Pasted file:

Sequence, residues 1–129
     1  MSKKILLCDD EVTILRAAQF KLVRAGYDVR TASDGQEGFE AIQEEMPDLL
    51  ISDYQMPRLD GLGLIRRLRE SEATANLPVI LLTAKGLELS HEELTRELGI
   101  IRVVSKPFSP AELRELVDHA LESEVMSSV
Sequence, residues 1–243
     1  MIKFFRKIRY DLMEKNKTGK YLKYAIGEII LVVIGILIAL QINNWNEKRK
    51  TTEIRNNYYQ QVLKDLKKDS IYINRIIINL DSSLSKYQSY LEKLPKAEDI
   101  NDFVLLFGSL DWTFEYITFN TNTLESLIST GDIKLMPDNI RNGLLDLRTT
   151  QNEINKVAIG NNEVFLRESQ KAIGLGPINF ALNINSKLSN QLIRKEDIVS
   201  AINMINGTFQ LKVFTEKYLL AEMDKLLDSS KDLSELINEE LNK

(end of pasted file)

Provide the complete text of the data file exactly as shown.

Sequence, residues 1–129
     1  MSKKILLCDD EVTILRAAQF KLVRAGYDVR TASDGQEGFE AIQEEMPDLL
    51  ISDYQMPRLD GLGLIRRLRE SEATANLPVI LLTAKGLELS HEELTRELGI
   101  IRVVSKPFSP AELRELVDHA LESEVMSSV
Sequence, residues 1–243
     1  MIKFFRKIRY DLMEKNKTGK YLKYAIGEII LVVIGILIAL QINNWNEKRK
    51  TTEIRNNYYQ QVLKDLKKDS IYINRIIINL DSSLSKYQSY LEKLPKAEDI
   101  NDFVLLFGSL DWTFEYITFN TNTLESLIST GDIKLMPDNI RNGLLDLRTT
   151  QNEINKVAIG NNEVFLRESQ KAIGLGPINF ALNINSKLSN QLIRKEDIVS
   201  AINMINGTFQ LKVFTEKYLL AEMDKLLDSS KDLSELINEE LNK